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A descent into darkness

Parvati Sharma | Updated on April 03, 2020 Published on April 03, 2020

Exodus: Thousands of migrant workers, who don’t have water to drink, let alone wash their hands, are walking back home   -  BIBEK CHETTRI

The hardest and yet the most necessary thing to do — at this point in history — is to imagine that tomorrow would be better

When my parents separated, my father went through our bookshelves and took every single PG Wodehouse novel with him. People deal with anxiety in different ways, but Wodehouse featured in more than one of those photos of the stacks of books people have posted online, the books they plan to read in isolation. I was reminded of that scene, of Bertie and Jeeves flying off the shelves like hand-sanitiser, and I realised that I haven’t bought a book by Wodehouse my entire adult life — except a collection of quotations that I gave my father.

I wonder, anyway, if the people with those stacks are reading anything except their Twitter feeds. I’m not. If the Empress of Blandings walked into my bedroom, I don’t think I’d look up from my phone. The last book I got through was an Asterix comic, that too with difficulty, over the near-constant ache in my gut. Reading is no longer doing what reading has always done for me — allowing for a complete and actively absorbed pleasure.

I cannot read, but things I’ve read keep popping into my head. The metaphor of the compass from a favourite poem, A Valediction: Forbidding Mourning, written by John Donne to comfort his wife when he had to travel away from her. Their love makes them one, he says; if they are two, then it is “As stiff twin compasses are two”, the two feet joined, though one is fixed and the other roams. “Such wilt thou be to me, who must, / Like th’ other foot, obliquely run; / Thy firmness makes my circle just, / And makes me end where I begun.”

But where will we end up? Another image of dust and leaves swirling upon an empty street, a staple of dystopian fiction — I saw it with a shock of disbelief when I went to my local market yesterday, driving slowly to avoid the sleeping dogs, imagining them turn feral. A scene from The Grapes of Wrath (1939), John Steinbeck’s angry, heart-rending account of migrant labour travelling across the country in search of work: A family stops at a diner, a father walks in with two small boys, and asks the waitress to cut him 10 cents’ worth from a 15-cent loaf of bread. He takes out his wallet, “heavy with silver and with greasy bills”, and tries to explain his parsimony. “‘May soun’ funny to be so tight,’ he apologised. ‘We got a thousan’ miles to go, an’ we don’ know if we’ll make it.’” His two boys are staring at sweets. Their father can’t help himself, he splurges another penny on two sticks of peppermint. “The boys expelled their held breath softly.”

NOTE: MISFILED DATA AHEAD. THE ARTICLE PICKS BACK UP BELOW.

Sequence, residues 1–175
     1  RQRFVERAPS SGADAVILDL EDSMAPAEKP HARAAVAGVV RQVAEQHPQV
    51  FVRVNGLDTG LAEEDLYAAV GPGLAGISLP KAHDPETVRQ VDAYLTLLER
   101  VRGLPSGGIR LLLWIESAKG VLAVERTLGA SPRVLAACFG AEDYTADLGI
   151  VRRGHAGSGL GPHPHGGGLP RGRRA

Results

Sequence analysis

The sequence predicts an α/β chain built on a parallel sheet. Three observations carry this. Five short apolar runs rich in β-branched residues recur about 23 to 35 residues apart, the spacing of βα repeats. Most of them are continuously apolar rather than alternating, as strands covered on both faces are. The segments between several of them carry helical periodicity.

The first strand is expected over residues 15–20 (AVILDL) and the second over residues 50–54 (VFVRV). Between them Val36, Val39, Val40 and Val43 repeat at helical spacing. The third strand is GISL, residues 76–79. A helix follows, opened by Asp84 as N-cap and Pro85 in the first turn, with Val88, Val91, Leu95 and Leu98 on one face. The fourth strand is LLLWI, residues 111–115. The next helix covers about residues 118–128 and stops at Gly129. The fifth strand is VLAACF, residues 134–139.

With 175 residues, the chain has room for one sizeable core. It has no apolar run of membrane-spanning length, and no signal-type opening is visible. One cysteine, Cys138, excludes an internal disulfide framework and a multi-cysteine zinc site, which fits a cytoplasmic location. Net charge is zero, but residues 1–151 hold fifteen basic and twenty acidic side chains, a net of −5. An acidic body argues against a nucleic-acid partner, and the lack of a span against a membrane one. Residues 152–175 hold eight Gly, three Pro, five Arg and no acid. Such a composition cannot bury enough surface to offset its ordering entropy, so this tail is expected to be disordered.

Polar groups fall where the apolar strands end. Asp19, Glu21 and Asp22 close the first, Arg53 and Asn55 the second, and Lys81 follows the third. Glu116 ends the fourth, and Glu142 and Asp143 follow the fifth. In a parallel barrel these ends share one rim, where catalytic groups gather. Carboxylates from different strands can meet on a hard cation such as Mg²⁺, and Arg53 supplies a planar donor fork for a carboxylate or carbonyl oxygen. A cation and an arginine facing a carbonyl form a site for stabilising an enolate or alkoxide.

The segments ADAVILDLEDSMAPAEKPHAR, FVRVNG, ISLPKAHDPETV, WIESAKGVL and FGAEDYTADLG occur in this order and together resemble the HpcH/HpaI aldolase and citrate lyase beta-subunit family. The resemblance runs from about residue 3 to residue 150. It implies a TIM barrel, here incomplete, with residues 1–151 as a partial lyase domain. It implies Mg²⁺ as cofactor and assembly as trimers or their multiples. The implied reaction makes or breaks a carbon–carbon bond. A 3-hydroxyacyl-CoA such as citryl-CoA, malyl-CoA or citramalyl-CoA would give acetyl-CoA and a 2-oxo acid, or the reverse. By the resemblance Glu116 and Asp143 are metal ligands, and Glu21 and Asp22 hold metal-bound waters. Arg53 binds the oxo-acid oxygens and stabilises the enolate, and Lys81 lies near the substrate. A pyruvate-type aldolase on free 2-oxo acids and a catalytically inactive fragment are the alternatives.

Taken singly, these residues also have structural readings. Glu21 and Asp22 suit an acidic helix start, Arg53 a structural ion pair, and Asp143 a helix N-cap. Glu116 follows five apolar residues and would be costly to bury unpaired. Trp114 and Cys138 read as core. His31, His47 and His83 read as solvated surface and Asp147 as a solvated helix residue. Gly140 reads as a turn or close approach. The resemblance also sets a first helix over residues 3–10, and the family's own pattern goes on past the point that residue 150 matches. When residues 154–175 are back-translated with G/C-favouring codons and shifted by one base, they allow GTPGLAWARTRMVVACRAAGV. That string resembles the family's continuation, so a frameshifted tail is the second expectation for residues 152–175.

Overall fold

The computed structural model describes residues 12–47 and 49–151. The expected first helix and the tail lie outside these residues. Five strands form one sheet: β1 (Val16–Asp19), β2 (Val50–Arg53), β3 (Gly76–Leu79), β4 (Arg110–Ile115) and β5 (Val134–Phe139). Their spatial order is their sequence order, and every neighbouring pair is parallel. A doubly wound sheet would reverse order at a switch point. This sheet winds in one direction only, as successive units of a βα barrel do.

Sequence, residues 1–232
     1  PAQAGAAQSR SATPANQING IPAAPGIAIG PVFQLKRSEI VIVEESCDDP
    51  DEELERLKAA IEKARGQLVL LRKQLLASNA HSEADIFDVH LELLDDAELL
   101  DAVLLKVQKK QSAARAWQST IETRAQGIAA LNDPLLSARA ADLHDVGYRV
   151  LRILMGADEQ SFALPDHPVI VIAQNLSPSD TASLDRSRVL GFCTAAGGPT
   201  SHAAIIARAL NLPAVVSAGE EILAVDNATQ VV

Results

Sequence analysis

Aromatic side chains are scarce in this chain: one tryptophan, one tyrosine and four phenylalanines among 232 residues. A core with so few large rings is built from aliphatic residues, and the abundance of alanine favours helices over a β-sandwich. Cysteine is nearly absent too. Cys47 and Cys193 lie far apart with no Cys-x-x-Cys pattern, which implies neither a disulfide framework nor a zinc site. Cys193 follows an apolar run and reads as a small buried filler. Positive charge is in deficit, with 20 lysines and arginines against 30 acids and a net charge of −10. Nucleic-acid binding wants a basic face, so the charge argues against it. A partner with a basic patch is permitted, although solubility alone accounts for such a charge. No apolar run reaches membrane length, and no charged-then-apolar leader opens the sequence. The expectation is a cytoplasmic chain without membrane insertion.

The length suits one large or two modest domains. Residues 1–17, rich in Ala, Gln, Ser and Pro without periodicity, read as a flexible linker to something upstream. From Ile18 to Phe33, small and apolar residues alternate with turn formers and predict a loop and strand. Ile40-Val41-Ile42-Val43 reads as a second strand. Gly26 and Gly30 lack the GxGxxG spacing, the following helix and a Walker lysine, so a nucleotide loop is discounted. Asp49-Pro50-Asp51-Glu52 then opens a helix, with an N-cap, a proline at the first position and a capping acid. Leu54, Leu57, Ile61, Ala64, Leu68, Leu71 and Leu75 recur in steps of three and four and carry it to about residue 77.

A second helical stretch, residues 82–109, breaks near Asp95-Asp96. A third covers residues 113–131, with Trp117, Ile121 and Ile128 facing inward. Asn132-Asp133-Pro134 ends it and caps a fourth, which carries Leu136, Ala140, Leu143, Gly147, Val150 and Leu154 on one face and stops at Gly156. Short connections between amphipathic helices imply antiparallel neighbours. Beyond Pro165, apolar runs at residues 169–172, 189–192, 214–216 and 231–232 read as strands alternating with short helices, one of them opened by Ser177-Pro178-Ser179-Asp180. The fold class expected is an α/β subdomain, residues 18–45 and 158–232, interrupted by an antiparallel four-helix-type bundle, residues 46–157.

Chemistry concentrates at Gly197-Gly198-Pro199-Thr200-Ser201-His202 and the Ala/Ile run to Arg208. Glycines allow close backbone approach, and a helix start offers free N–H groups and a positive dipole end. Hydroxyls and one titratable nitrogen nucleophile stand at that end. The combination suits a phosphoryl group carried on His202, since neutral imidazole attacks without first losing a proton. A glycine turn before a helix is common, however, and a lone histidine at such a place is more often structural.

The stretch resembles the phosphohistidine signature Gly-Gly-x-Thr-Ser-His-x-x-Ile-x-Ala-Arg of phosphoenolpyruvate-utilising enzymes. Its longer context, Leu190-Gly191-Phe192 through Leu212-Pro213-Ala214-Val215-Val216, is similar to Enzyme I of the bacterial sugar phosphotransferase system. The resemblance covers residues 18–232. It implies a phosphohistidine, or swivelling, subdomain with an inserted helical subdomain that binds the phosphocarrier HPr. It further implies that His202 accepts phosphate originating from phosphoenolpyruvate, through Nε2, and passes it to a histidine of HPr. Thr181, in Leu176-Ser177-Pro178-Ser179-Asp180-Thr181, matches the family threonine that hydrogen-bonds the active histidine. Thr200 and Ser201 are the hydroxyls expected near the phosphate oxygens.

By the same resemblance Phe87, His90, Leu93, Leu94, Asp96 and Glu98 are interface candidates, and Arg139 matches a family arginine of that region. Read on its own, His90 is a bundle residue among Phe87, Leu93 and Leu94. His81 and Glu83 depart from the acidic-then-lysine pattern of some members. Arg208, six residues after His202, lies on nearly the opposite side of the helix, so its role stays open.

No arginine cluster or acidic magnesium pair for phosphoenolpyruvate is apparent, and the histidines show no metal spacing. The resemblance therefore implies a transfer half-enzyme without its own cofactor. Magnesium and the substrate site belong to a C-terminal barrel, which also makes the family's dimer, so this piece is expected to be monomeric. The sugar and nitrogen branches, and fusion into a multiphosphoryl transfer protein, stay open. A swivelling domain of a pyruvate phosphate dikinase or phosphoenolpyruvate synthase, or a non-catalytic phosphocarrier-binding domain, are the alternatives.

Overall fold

There are uncounted thousands of migrant workers walking home across north India — they don’t have water to drink, let alone wash their hands. A report by the Centre for Policy Research, published on March 26, talks of a ‘crisis of hunger’ unfolding among Delhi’s marginalised, poor, and violence-hit communities. “Shelters across the city have reported higher numbers than they usually deal with, resulting in shortages and fights over food.”

Another scene from hell: Neil Gaiman tells it in his Sandman series, a fabulous epic about the Dream King Morpheus. Morpheus battles a demon called Chronozon. Each takes on increasingly abstract entities — Chronozon begins with “I am a dire wolf, prey-stalking, lethal prowler”; Sandman counters, “I am a hunter, horse-mounted, wolf-stabbing” — until, in the end, Chronozon roars, “I am anti-life, the Beast of Judgement. I am the dark at the end of everything. The end of universes, gods, worlds... of everything!” A beat, and Morpheus replies: “I am hope.”

But hope is also “that thing with feathers”, as Emily Dickinson wrote, liable to fall from the sky or die beneath a bush. On March 26, there was news of a young man in West Bengal, beaten by the police when he went out to buy milk. Afterwards, he died; and it wasn’t a virus that killed him. It wasn’t a virus that was controlled, for that matter, by orders to break the art at Shaheen Bagh, to whitewash the beautiful painted walls of Jamia Millia Islamia University. The policemen with their sticks, the men with their buckets of white paint, they may or may not know what they are doing, nor why; but what they symbolise — the sickness of violence upon the weak, the spiteful itch to erase dissent — is all-too-clearly understood.

Some months ago, when the anti-CAA protests began, I discovered that my bedroom, not far from Jamia university, has a direct acoustic link to its protest site. Every day, ripples of Azadi would stream through my window, and every time I wondered what kind of day it would be when they stopped. Sometimes, I felt a little hope; often, I felt the twinge in my gut that is my constant companion now.

And now there is silence, save the confused chirrup of birds, as if they, too, were holding their breath.

Parvati Sharma   -  BLink

 

Parvati Sharma is a Delhi-based writer and the author, most recently, of Jahangir: An Intimate Portrait of a Great Mughal

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Published on April 03, 2020
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